- November 6 – 3,763 new cases
- November 7 – 6,225 new cases
- November 9 – 9010 new cases (number of cases in two days)
- November 10 – 6,473 new cases
- November 11 – 6,008 new cases
- November 12 – 6,940 new cases
- November 13 – 8,516 new cases
- November 14 – 7,072 new cases
- November 16 – 12,763 new cases (number of cases in two days)
- November 17 – 7,458 new cases
- November 18 – 5772 new cases
- November 19 – 7,592 new cases
- November 20 – 9,779 new cases
Latest data on COVID-19 in Michigan:
- Tracking of Cases and Deaths at the Michigan Home for the Elderly COVID-19
- Follow-up of hospital data for COVID-19 in Michigan
For most people, the coronavirus causes mild or moderate symptoms that clear up in two to three weeks. For some, especially the elderly and people with pre-existing health problems, this can cause more serious illnesses, including pneumonia and death.
Having trouble viewing the data below? Click here to see.
Here is a schedule for confirmed cases of coronavirus (COVID-19) in Michigan:
- Full coverage: coronavirus in Michigan
Here are the cases of COVID-19 in Michigan, broken down by gender (see here if you don’t see the table):
How COVID-19 is distributed
Spread from person to person
The virus is thought to spread mainly from person to person.
- Between people who are in close contact with each other (within about 6 feet).
- By respiratory droplets produced when an infected person coughs or sneezes.
These droplets can land in the mouth or nose of people who are nearby, or possibly be inhaled into the lungs.
Can anyone spread the virus without being sick?
- It is believed that people are most contagious when they are most symptomatic (most sick).
- Some spread may be possible before people show symptoms; there are reports of what is happening to this new coronavirus, but it is not thought to be the main way the virus spreads.
It is spread by contact with contaminated surfaces or objects
It is possible for a person to get COVID-19 by touching a surface or object on which there is a virus and then touching their own mouth, nose or possibly their eyes, but this is not thought to be the main way the virus spreads.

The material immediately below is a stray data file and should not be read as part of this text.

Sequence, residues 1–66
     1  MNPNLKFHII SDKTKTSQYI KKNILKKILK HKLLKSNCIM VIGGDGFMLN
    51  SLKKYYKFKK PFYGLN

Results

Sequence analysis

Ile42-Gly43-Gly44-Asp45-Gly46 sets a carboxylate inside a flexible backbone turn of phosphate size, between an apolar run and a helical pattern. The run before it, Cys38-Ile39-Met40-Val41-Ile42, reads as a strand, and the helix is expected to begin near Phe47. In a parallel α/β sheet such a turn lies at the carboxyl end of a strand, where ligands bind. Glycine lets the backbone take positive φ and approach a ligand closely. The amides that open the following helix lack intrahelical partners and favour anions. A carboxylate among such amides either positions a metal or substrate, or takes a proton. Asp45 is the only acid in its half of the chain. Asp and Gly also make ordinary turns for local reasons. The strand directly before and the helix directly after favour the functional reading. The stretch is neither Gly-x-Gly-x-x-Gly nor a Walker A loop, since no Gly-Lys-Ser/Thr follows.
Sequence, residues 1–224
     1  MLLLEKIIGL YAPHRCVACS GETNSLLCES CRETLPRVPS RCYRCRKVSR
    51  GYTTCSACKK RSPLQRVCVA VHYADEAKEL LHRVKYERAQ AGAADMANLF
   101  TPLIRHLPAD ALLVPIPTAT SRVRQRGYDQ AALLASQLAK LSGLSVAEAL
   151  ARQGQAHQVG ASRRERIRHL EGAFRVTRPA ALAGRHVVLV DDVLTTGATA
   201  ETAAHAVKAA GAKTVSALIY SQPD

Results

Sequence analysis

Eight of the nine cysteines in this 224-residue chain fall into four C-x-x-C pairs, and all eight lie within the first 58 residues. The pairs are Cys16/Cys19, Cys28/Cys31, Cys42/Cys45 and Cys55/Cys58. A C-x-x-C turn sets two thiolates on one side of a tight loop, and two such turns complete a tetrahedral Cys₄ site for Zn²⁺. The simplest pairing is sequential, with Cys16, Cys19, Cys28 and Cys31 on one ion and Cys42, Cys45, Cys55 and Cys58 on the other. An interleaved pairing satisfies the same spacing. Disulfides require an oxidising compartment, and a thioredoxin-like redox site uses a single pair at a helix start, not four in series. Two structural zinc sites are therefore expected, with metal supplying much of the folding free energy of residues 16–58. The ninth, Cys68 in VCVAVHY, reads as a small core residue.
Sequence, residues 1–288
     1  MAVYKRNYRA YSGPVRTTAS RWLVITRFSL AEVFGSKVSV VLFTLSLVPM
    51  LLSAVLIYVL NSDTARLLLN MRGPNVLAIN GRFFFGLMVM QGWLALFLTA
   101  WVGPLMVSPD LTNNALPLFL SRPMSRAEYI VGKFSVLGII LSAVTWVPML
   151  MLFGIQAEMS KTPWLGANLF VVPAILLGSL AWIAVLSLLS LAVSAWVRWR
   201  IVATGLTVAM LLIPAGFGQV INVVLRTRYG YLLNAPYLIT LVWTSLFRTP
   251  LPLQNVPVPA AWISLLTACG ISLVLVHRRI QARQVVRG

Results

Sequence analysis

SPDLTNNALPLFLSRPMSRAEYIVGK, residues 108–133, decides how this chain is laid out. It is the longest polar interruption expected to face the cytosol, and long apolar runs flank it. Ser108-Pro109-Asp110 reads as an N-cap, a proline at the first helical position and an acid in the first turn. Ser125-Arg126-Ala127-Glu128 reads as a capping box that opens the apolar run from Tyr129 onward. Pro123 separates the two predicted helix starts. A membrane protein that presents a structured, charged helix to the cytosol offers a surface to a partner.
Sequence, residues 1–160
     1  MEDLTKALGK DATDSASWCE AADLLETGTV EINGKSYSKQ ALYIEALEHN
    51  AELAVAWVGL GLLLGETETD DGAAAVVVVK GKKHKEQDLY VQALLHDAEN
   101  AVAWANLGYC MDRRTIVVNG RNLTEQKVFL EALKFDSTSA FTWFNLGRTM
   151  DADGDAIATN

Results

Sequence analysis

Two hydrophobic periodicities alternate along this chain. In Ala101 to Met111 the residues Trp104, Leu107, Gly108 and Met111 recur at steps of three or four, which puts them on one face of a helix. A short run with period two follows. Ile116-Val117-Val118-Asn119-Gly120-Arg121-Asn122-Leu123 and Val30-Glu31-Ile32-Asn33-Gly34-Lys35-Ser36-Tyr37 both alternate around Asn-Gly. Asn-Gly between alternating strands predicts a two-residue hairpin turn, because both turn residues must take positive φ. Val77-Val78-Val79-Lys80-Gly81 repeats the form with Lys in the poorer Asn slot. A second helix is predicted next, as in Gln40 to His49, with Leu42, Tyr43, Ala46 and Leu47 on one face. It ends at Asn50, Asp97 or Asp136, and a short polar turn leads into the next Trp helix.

How easily the virus spreads
How easily the virus spreads from person to person can vary. Some viruses are highly contagious (spread easily), such as measles, while other viruses do not spread as easily. Another factor is whether the spread is maintained by spreading continuously without stopping.
Prevention and treatment
There is currently no vaccine to prevent coronavirus disease 2019 (COVID-19). The best way to prevent disease is to avoid exposure to this virus. As a reminder, however, the CDC always recommends daily preventive action to prevent the spread of respiratory diseases, including:
- Avoid close contact with sick people.
- Avoid touching your eyes, nose and mouth.
- Stay home when you are sick.
- Cover the cough or sneeze with a tissue, then throw the tissue in the bin.
- Clean and disinfect frequently touched objects and surfaces with a simple spray or cleaning cloth at home.
- Wear a mask or face cover when in a public place.
Wash your hands often with soap and water for at least 20 seconds, especially after going to the toilet; before meals; and after blowing your nose, coughing or sneezing.
MORE ▼: Beaumont Health has launched a coronavirus hotline for patients with symptoms
People who think they may have been exposed to COVID-19 should contact their healthcare provider immediately.
Question about the coronavirus? Ask Dr. McGeorge here.
Read more about the coronavirus here.